BNTD’s Gene Powell and his wife Mary Lou Powell have recently started a scholarship program to help students attending Mary Lou’s alma mater, the University of South Florida, on the GI Bill. The Veteran Success Last Mile Scholarship will help recipients who still need assistance in paying tuition beyond what is covered by the GI Bill.
Gene and Mary Lou both have the military life in their blood — alongside Gene’s own time in the service, his three uncles all served during World War II. Mary Lou’s father was a Navy man who served at Pearl Harbor.
While presenting the inaugural Veteran Success Last Mile Scholarship award during the USF Alumni Luncheon, Gene made the following remarks, which we print in full below:
Mary Lou and I were thrilled to sponsor the first Veteran Success Last Mile Scholarship. Kemel and Larry asked me to make a few remarks as to why we elected to sponsor the scholarship and I am pleased to do so.
Veterans run deep in our family and professional lives. First, I had three uncles that served with the Naval Services during World War II. Two were naval officers and one Marine NCO. Although I was very young during the war, I was very much into their service and regularly wore my Navy uniform.
Regretfully, my uncle Hubert, a Lt (Jg) was killed in Sicily near the end of the war. He was a rather colorful man, nicknamed “The Bard” by his fraternity, who loved the girls and wrote a poem about every girl he met. The last poem he wrote before his untimely death was titled, “Farewell.”
The other two uncles were brothers and, by pure chance, met on the street in Honolulu on Christmas Day 1944.
Mary Lou’s father was also Navy, and served at Pearl Harbor.
On my 65th birthday, we had the pleasure of raising a flag aboard the USS Missouri in memory of my uncles and Mary Lou’s dad.
The military also played a great role in our marriage. During Desert Storm, I served as the SJA for CENTCOM Rear HQ. Mary Lou was in law school at Stetson. We met by chance in Ybor City and 3 years later were married. I consider her my “War Bride”. Since our marriage, there has not been a PX or BX in the US that Mary Lou has passed up when given the opportunity.
My oldest son retired last year as an SGM, US Army, with the JFK Special Warfare Center. Between the two of us, we have 68 years of military service.
When I retired as a judge, I decided to return to the law practice. By pure circumstance, I started doing Veterans’ disability cases with the VA. In over 50 years as a lawyer, I have never had clients that were more appreciative than the vets we represent.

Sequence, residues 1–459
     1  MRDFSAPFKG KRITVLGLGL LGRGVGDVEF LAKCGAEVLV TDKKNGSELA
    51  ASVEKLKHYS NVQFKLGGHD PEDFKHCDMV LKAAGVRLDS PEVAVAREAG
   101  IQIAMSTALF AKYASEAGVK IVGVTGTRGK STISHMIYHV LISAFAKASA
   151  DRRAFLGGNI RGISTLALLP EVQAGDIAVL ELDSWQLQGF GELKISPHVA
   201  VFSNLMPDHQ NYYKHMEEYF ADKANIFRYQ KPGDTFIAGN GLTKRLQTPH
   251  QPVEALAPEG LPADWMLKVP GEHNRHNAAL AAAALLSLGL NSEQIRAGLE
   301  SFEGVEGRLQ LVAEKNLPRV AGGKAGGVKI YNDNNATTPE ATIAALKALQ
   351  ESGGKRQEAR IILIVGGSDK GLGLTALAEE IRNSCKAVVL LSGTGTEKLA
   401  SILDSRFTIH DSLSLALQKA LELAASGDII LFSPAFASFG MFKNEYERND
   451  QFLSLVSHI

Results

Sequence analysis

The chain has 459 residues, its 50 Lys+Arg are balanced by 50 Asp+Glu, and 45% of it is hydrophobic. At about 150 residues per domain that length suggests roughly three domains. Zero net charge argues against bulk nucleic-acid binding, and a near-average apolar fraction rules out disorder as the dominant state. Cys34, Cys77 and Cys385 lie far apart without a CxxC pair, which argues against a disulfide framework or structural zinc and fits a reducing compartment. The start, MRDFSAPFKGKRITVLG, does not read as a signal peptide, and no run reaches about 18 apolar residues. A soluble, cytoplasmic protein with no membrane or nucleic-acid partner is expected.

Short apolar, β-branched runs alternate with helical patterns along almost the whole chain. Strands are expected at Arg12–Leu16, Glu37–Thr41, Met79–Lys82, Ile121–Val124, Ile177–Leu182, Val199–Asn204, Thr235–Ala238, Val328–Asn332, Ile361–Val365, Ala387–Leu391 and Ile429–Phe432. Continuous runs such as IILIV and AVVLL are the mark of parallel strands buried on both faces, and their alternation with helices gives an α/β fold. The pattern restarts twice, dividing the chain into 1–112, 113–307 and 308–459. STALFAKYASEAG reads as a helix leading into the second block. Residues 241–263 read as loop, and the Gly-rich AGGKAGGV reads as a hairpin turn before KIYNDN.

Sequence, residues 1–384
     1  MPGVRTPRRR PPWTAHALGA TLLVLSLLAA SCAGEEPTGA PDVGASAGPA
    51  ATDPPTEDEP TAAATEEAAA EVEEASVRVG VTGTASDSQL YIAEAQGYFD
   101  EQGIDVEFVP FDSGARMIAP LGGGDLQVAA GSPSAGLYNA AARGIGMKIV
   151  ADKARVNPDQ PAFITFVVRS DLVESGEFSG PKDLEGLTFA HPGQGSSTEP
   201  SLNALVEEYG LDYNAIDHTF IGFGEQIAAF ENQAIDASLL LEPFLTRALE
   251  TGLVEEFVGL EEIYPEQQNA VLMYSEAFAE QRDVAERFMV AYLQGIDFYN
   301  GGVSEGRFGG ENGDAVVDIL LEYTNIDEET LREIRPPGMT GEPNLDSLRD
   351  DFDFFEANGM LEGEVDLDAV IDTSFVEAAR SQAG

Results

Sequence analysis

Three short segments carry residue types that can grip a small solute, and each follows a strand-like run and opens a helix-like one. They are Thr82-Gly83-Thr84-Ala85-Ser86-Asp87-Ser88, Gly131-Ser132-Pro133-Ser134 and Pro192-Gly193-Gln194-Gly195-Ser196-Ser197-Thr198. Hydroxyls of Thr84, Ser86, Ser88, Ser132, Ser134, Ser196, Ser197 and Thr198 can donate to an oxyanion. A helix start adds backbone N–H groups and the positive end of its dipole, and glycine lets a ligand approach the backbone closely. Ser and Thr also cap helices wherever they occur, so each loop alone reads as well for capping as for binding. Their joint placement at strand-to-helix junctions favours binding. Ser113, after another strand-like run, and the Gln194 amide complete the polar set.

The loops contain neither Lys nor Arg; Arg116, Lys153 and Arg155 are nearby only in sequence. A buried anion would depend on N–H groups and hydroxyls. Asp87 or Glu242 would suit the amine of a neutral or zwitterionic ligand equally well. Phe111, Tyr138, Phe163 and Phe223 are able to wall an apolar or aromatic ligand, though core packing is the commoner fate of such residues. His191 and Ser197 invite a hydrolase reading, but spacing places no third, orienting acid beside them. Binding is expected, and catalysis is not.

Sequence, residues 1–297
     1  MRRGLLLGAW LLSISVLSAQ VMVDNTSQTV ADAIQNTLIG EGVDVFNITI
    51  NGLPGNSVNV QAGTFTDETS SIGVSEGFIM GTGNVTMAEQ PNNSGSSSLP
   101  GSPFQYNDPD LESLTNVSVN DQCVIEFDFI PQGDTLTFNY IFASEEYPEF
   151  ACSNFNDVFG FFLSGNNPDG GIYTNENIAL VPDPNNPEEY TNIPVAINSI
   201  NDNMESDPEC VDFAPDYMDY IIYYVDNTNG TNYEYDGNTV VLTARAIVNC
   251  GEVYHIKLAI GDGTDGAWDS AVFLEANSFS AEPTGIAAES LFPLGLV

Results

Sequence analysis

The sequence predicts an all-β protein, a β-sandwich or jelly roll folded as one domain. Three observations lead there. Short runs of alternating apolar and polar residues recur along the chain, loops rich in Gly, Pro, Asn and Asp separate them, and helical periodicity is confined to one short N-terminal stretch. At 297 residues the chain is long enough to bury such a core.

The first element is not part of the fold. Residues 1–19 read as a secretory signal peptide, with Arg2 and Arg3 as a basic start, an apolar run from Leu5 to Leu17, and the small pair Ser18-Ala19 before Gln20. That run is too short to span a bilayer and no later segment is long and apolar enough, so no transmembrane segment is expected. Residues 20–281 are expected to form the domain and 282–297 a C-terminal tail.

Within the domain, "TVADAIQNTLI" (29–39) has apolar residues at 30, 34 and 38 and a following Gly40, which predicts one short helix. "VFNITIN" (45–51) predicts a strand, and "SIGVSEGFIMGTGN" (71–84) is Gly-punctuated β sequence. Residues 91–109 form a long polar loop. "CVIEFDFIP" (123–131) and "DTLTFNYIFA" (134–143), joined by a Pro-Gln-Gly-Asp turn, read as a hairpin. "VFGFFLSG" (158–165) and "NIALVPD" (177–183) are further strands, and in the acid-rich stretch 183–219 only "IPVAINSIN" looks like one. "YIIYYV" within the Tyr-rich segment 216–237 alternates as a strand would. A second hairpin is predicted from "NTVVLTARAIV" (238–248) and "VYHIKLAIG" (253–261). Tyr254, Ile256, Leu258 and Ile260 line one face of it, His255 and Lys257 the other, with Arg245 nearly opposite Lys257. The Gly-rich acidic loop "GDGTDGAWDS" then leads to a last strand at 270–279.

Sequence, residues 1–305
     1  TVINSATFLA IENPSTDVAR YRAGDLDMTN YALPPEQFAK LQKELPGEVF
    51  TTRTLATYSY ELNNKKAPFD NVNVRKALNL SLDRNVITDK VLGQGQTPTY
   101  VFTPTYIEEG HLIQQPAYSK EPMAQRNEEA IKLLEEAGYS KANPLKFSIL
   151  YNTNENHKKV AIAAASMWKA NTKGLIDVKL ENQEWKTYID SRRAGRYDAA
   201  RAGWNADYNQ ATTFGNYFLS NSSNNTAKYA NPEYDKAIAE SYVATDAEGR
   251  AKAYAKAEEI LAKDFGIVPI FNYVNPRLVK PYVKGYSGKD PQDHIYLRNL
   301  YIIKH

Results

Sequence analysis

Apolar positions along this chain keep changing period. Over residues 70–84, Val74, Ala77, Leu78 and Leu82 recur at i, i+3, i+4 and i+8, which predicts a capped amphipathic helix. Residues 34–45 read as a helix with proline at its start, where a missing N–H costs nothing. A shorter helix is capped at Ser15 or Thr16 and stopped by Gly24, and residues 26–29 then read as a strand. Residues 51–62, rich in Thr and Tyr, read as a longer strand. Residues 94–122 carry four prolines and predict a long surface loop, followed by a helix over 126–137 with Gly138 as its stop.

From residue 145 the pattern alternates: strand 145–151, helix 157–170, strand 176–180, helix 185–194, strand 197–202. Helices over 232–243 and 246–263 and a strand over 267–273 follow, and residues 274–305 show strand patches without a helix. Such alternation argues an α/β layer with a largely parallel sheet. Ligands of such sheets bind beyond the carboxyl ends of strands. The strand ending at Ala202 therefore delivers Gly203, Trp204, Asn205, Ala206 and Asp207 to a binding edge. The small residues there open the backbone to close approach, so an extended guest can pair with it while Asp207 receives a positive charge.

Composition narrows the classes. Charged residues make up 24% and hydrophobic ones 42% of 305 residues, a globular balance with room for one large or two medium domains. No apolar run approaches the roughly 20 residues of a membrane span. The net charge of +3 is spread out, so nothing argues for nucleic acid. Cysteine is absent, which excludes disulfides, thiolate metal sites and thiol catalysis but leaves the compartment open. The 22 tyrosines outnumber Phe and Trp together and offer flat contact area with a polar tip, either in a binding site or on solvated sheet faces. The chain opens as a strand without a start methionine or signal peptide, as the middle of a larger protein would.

Our veterans have spanned from World War II to Korea, from Vietnam to Desert Storm and to the wars in Iraq and Afghanistan. When I think of how much these veterans have sacrificed for our nation, and how they have maintained such a positive outlook, I am reminded of a client who served with the US Army during Operation Teapot in 1955 at the Nevada Test Site.
He was assigned to an armor division at Fort Irvin, California. His unit was trucked to the test site and deployed some 6 miles away from the blast. The aim of the operation was to establish military tactics for ground forces on a nuclear battlefield. After the detonation of the device, the unit moved forward toward ground zero. The soldiers were quickly covered with the dust and debris from the blast.
The decontamination consisted of having their uniforms swept with brooms. They were then loaded and trucked back to Fort Irvin.
My vet was service-connected for renal cell carcinoma with right nephrectomy related to ionizing radiation. After service, he had worked for years with this condition, but developed CAD as a result of the residuals and became unable to continue working. I represented him at a VA hearing for unemployability. At the close of the hearing, I asked him if there was anything he would like to say, and he responded:
“I should thank the United States and the people for the privilege of serving in the military, because in a lot of respects that is the highlight of my entire life, my military service. It becomes to me more significant as I get older, I maybe romanticize it a bit, but at my age I’ve earned that privilege. I’m a member of the greatest society ever.”
I get a little teary every time I read that passage and recall that moment.
So, with this background in the military, Mary Lou and I were indeed privileged to have a role in the Veteran Success Last Mile Scholarship. We were rewarded for our efforts this year when we received a letter from Jonathan Nemergut, informing us that we was to be the first recipient of our scholarship. Jonathan is an Iraq War veteran with a Purple Heart. He and his bride, Samantha, have two young children, and Jonathan is well on his way to receiving his Masters in Library Science at USF. We are indeed honored to have played a small role in his education.
I commend the Veteran Success Last Mile Scholarship to you, as a way to honor our veterans who have sacrificed family for the needs of our country, and endured the hardships of multiple deployments. If you choose to endow a scholarship, the return to you will be measured in the enhancement of the lives of our veterans in recognition of a job well done.
I thank you for the privilege to make these remarks.
BNTD Law is proud of Gene and Mary Lou and their spirit of service to current military servicemembers and veterans. You can help support USF student veterans by donating to the Veterans Success Last Mile Scholarship Fund here.
If you’re looking to file a claim with the VA, whether it’s for service-connected conditions, PTSD, or other VA Disability-related issues and would like to speak to a legal representative, BNTD Law is here to help. Contact us by phone at (803) 779-7599 or online at any time to request your FREE consultation.